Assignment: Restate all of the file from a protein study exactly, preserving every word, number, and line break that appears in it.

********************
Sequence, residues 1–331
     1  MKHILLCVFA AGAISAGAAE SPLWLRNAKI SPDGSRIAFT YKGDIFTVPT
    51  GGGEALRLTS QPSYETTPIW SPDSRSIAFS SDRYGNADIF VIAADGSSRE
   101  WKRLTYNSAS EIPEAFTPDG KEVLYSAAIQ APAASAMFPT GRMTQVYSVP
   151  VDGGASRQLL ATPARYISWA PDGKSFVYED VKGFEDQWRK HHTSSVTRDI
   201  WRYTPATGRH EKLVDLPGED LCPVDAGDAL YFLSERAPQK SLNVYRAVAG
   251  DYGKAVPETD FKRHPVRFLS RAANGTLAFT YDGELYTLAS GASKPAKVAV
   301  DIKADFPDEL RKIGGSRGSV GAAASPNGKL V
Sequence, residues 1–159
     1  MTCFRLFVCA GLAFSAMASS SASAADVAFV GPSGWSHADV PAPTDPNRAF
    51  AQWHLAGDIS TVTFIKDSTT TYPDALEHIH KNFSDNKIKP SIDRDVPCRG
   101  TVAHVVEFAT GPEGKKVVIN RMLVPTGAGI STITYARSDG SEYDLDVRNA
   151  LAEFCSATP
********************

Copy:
Sequence, residues 1–331
     1  MKHILLCVFA AGAISAGAAE SPLWLRNAKI SPDGSRIAFT YKGDIFTVPT
    51  GGGEALRLTS QPSYETTPIW SPDSRSIAFS SDRYGNADIF VIAADGSSRE
   101  WKRLTYNSAS EIPEAFTPDG KEVLYSAAIQ APAASAMFPT GRMTQVYSVP
   151  VDGGASRQLL ATPARYISWA PDGKSFVYED VKGFEDQWRK HHTSSVTRDI
   201  WRYTPATGRH EKLVDLPGED LCPVDAGDAL YFLSERAPQK SLNVYRAVAG
   251  DYGKAVPETD FKRHPVRFLS RAANGTLAFT YDGELYTLAS GASKPAKVAV
   301  DIKADFPDEL RKIGGSRGSV GAAASPNGKL V
Sequence, residues 1–159
     1  MTCFRLFVCA GLAFSAMASS SASAADVAFV GPSGWSHADV PAPTDPNRAF
    51  AQWHLAGDIS TVTFIKDSTT TYPDALEHIH KNFSDNKIKP SIDRDVPCRG
   101  TVAHVVEFAT GPEGKKVVIN RMLVPTGAGI STITYARSDG SEYDLDVRNA
   151  LAEFCSATP